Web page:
Photo: CBP Commissioner Alan Bersin Fires Back Against Gov. Perry's Claims the US-Mexico Border is Lawless
Despite presidential candidate Gov. Rick Perry’s claims that the U.S.-Mexico border is completely lawless, U.S. Customs and Border Protection officials argue that it is safer and more secure than it has ever been.
Gov. Perry recently told reporters that he’d asked Washington for 1,000 National Guard troops at the border, as the current methods are ineffective and building a fence along the entire 1,200-mile border is just “ridiculous”.
He slammed the Obama administration for saying the border is far more secure than ever, saying, “Six week ago, the president went to El Paso and said the border is safer than it’s ever been. I have no idea, maybe he was talking about the Canadian border. I will assure you one thing, if I’m president of the United States, the border will be secure.”
CBP Commissioner Alan Bersin fired back at claims of a lawless border, saying the residents of the area will attest to the increased safety.
Bersin told the Texas Tribune, “It is incumbent to those of us who live and work on the border to dispel this myth that the border is out of control, that the border is unsafe.”
He believes the reason Arizona saw such an increase in undocumented immigrants was due to the fact that Texas and California was becoming more successful in controlling their borders, causing the immigrants to, in essence, “funnel through” to Arizona.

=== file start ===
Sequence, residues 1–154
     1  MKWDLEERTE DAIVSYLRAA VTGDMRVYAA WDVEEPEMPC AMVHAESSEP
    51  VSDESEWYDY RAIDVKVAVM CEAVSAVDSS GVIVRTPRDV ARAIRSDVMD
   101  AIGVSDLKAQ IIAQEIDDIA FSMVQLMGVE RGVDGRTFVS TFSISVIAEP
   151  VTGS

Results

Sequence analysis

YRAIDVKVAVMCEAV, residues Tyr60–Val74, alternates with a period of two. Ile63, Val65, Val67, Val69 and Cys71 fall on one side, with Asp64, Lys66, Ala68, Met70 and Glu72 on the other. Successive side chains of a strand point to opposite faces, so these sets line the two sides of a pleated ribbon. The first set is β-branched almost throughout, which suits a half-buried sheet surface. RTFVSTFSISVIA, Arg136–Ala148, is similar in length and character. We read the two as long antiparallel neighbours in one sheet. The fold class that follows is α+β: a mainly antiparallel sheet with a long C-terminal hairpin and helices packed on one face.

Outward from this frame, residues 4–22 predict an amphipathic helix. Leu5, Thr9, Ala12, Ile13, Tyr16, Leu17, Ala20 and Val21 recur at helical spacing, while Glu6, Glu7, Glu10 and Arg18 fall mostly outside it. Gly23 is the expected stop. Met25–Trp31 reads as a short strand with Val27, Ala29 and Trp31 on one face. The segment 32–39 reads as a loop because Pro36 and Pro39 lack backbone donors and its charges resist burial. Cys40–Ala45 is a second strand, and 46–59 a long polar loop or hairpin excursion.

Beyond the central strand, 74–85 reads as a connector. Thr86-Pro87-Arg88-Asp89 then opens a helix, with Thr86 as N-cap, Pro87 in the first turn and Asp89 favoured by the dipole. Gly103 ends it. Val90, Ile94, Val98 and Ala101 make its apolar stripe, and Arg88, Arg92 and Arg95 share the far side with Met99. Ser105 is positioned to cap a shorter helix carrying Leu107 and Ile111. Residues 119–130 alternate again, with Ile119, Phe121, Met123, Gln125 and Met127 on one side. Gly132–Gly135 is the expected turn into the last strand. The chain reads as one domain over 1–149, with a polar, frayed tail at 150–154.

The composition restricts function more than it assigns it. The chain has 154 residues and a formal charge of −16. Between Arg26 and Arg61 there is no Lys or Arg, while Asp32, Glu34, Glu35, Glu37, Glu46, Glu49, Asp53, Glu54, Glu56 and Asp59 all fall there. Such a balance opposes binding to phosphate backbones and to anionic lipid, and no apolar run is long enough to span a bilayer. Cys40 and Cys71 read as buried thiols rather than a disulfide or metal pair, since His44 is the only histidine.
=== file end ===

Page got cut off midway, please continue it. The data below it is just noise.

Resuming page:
When looking at the stats, Bersin said, “Lets go back to 1993, when the border truly was out of control, when, in fact, 1.8 million people were just walking across the border,” he said. “In 1993, 286,000 Mexicans were arrested crossing in to the country illegally [from Chihuahua into Texas]. Fast-forward to last year and the number is down to 12,000, under 12,000. And, in fact, that accounts for 80 or 90 percent of the people trying to cross here illegally.”
Bersin said he believes Arizona will soon see similar success.
The commissioner fairly pointed out that border towns are not without drug-related violence, and admitted that the towns being so close to the border do require specialized attention not otherwise needed in areas further away, but said that if someone is going to point to the crime statistics of towns like El Paso, those stats should be compared to those of non-border towns.
“If the standard that is to be applied to any particular incident, one incident, two incidents or 10 murders that happened in El Paso make this an unsafe place, that’s a standard that Los Angeles would fail, that Boston would fail and Detroit would fail.”